Like Duke, the Panthers have found themselves in close battles in every game this season other than a 51-28 drubbing at the hands of Miami Nov. 5.

Pittsburgh lost one-score games on the road at Oklahoma State and North Carolina as well as at home against then-No. 25 Virginia Tech, but managed to escape with three-point victories against Penn State and Georgia Tech early in the season.

Although they have been inconsistent, the Panthers’ win at Clemson should give them a major boost as the regular season winds down. Pittsburgh beat Duke 31-13 last season and finishes the regular season against Syracuse.

“We both beat ranked teams and obviously, you come out excited,” Blue Devil head coach David Cutcliffe said. “[Momentum has] got to carry over to the practice field. You don’t carry momentum from a Saturday to a Saturday or a Thursday to a Saturday. You hopefully carry it to Sunday…. You hope you continue that the rest of the week and then you have some momentum.”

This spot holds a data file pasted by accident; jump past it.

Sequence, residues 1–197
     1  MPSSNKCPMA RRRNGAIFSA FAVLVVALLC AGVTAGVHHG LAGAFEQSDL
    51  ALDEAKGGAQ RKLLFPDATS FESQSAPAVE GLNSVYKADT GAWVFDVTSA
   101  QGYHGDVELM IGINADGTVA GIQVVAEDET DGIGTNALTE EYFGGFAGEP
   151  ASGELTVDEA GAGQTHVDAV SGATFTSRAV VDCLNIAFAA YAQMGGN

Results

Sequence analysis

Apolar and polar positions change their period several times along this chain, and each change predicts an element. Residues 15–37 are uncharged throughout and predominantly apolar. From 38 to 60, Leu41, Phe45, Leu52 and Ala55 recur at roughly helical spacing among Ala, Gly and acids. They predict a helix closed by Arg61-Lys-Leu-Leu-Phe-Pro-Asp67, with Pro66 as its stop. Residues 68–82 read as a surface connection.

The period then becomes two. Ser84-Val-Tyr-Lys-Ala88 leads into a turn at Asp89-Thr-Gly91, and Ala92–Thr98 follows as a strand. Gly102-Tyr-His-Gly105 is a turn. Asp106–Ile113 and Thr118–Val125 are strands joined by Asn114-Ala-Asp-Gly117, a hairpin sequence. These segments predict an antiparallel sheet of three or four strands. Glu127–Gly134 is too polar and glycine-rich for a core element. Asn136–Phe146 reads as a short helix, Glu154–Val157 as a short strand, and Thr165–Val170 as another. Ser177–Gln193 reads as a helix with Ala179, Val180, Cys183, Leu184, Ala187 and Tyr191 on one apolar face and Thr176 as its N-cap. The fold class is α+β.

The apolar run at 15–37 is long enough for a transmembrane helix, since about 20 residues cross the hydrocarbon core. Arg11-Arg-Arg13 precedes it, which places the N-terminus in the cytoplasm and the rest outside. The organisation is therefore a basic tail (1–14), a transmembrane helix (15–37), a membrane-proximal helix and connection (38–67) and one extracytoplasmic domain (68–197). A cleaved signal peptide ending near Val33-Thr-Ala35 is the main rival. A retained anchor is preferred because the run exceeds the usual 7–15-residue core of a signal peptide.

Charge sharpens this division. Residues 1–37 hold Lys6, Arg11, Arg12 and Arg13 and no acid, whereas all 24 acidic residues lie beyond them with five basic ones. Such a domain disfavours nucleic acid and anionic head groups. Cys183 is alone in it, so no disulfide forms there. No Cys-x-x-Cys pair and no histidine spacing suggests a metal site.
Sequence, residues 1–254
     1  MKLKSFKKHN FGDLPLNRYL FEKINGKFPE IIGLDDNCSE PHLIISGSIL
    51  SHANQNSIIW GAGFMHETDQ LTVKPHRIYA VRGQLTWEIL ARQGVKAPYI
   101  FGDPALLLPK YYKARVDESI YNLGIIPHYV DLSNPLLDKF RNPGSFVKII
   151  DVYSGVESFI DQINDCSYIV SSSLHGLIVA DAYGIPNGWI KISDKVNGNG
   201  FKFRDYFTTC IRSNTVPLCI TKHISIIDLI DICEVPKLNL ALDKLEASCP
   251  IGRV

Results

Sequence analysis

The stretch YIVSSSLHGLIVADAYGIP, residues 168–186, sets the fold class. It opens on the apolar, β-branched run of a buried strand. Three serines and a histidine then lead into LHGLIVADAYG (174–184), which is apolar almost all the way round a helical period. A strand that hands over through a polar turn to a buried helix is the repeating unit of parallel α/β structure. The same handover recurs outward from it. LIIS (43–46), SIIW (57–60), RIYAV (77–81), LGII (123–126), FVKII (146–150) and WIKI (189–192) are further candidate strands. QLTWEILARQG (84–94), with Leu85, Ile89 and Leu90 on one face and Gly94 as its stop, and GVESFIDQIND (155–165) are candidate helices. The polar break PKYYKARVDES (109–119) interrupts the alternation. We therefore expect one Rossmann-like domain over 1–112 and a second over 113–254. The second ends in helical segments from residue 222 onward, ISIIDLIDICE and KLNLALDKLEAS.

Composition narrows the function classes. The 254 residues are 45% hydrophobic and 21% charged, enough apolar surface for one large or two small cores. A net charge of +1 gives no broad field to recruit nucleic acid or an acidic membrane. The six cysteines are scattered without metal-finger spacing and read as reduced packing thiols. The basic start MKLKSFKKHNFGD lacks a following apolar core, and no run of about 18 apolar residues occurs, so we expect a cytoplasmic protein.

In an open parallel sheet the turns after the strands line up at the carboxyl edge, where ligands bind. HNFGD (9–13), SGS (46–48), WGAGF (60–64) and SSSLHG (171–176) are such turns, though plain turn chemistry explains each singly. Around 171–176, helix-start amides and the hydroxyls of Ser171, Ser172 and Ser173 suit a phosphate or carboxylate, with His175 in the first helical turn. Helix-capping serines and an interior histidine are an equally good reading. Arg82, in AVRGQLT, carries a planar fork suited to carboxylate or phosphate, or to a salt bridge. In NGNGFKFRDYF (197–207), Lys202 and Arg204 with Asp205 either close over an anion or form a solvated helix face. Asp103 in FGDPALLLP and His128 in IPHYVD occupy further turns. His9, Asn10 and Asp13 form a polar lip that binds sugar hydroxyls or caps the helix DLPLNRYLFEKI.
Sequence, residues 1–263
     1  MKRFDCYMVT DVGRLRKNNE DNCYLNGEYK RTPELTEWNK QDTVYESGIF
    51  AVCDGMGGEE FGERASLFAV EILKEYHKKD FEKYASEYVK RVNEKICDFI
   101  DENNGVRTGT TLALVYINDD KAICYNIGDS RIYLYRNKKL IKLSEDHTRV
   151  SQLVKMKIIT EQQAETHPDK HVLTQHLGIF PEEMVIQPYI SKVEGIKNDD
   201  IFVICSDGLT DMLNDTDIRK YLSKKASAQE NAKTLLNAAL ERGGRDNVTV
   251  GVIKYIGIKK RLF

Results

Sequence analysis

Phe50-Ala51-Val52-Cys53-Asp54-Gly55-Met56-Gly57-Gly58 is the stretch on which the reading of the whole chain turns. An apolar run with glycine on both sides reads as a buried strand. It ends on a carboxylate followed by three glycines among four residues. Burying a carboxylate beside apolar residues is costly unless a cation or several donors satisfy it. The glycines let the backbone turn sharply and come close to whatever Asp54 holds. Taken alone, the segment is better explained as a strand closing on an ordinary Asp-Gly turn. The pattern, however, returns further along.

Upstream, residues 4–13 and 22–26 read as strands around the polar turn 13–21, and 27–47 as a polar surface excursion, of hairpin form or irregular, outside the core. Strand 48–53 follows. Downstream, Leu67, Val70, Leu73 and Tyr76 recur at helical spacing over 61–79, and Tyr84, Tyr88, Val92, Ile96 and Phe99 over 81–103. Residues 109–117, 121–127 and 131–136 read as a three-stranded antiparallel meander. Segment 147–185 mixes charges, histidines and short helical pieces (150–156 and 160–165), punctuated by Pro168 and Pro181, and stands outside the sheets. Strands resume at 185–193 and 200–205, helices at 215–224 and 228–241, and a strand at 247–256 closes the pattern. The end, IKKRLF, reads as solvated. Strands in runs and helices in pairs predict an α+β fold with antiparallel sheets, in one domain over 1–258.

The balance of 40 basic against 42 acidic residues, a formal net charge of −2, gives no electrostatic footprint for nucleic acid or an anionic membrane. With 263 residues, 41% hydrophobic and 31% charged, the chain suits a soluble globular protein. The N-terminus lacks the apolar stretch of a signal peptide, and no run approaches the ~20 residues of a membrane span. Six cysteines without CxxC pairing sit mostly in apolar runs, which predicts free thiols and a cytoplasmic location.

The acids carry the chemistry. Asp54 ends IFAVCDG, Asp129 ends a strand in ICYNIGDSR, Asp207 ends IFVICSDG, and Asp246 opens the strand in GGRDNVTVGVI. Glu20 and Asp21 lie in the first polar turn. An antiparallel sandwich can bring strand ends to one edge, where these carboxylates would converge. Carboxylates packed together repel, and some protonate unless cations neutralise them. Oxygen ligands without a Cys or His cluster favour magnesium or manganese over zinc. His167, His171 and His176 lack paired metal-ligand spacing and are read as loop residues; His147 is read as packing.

Unlike its opponent, however, Pittsburgh brings an experienced lineup into Saturday’s matchup.

The Panthers boast the third-ranked scoring offense in the ACC at 37.6 points per game—behind only No. 3 Louisville and No. 5 Clemson—led by a trio of upperclassmen in redshirt senior quarterback Nathan Peterman, redshirt junior running back James Conner and senior tight end Scott Orndoff.

After missing essentially all of 2015 with a right MCL injury suffered in Pittsburgh’s season opener last year, Conner announced that he had been diagnosed with Hodgkin’s lymphoma last December. The 6-foot-2, 235-pound running back was declared cancer free in May and has more than made good on his promise to return to the football field this fall.